Yesterday, Taylor Swift made the surprise announcement that she'd be releasing a new album at midnight with no pre-release singles, and that it was largely produced by and co-written with The National's Aaron Dessner (and featured tons of his usual collaborators, like Bon Iver's Justin Vernon), titled folklore, and came with black and white album artwork of a photo of Taylor in the woods. Obviously, the internet had questions. Was this Taylor's indie folk album? Was it her Man of the Woods? Did she choose this release date last minute to stop her longtime rival Kanye West (who, shocker, did not actually release his album) from scoring yet another No. 1 album? Did the artwork look kinda black metal?

Well, folklore is here and at least some of these questions are answered. There's some acoustic guitar, but it's not really a folk album, and it's not really a drastic pivot for Taylor either. It's mostly alt-pop ballads in the Lana Del Rey/Lorde realm (track 2, "cardigan," especially sounds like Lana Del Rey), but writing songs that sound like Lana and Lorde is nothing new for Taylor. Nor are somber acoustic guitar songs -- don't forget she released three and a half country albums before turning her attention to glossy synthpop. It's her most overall subdued album by far, and there are plenty of subtle intricacies in the music, as you'd expect from an album that was not just largely co-written and co-produced by Aaron Dessner, but that also was made with several musicians from his musical community, including his National bandmates Bryan Devendorf and Bryce Dessner, as well as Ben Lanz, Thomas Bartlett (Doveman), Rob Moose (yMusic, Bon Iver), Josh Kaufman (Bonny Light Horseman), Clarice Jensen (ACME, yMusic), Jason Treuting (So Percussion), James McAlister, JT Bates, Kyle Resnick (The National, Beirut), and Yuki Numata Resnick. (And for what it's worth, the songs that Taylor made with frequent collaborator Jack Antonoff fit right in with the Dessner productions, and one of the major highlights, "this is me trying," is an Antonoff collab.)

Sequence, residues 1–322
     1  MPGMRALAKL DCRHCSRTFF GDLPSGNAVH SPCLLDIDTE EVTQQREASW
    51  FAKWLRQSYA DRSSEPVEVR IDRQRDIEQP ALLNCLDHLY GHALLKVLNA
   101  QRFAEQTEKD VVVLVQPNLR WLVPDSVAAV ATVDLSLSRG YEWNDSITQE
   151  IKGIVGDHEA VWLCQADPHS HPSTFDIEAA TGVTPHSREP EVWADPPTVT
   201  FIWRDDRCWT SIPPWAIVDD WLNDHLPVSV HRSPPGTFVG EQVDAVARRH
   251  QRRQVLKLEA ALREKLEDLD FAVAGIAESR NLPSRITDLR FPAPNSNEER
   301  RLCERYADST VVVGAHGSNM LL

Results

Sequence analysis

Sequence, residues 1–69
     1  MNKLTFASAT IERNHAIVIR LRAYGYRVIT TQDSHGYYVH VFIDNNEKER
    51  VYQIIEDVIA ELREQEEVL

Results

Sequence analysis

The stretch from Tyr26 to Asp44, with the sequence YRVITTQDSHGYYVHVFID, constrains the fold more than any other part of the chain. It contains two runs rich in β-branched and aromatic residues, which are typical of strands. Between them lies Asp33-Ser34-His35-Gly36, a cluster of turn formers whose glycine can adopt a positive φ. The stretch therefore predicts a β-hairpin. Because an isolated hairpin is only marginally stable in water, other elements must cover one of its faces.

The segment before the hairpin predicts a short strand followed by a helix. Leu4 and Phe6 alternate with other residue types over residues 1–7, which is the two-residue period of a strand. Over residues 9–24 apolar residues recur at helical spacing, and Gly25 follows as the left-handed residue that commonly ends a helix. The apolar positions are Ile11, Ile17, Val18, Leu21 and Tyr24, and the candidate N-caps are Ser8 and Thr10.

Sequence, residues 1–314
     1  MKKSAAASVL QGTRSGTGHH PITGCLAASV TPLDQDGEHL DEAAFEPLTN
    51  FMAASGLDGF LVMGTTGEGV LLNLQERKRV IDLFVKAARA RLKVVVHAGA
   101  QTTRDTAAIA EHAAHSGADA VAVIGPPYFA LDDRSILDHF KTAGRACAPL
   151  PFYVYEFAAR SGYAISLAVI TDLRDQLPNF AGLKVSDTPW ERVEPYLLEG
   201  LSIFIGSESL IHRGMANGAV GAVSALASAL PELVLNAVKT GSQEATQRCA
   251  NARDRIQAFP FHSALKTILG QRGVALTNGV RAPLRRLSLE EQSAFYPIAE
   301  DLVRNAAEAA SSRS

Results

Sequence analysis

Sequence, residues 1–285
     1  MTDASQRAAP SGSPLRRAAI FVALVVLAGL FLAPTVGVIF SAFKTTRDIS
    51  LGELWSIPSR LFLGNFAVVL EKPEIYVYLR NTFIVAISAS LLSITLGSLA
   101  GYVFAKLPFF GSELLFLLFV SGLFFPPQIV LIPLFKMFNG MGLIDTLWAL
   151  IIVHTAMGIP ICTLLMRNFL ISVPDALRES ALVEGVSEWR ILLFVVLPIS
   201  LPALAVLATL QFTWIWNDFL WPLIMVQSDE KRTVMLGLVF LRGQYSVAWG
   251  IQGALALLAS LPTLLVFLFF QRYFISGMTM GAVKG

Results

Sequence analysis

There are brief moments where it sounds like Taylor is assimilating into their world, like on "Peace," which was made with both Aaron Dessner and Justin Vernon and kind of sounds like Taylor singing on a Big Red Machine song, but mostly it sounds more like the 37d03d were catering to Taylor's universe. The song where Justin Vernon sings ("exile") isn't Taylor going For Emma; it's Justin bringing that "Beth/Rest" and Bruce Hornsby collaborator energy to a sweeping Taylor Swift ballad. (It speaks to Taylor's vision and direction as an artist that she can create an album with such a drastically different group of musicians and still have it sound exactly like a Taylor Swift album.) Like Man of the Woods, it sounds a lot less rustic than it looks, but there is one very rustic song and it's a standout: "Betty," which finds Josh Kaufman providing some Bob Dylan/Neil Young style harmonica, and features some of Taylor's most immediate hooks and storytelling. (Side note: both "exile" and "betty" were co-written with William Bowery, who the internet thinks is actually a "mysterious" alias for someone famous.)

folklore may not be Taylor's big pivot to indie, but it's enjoyable (if a bit long) and it's really no small feat that Taylor is continuing to progress her sound and take artistic risks eight albums and 14 years into her career. And if she gains The National new fans or helps Aaron Dessner win a major Grammy in the process, kudos to her for that too.

folklore is out now via Republic. You can stream the full thing and watch the video for "cardigan" in the YouTube playlist below...

--

More new albums out today here.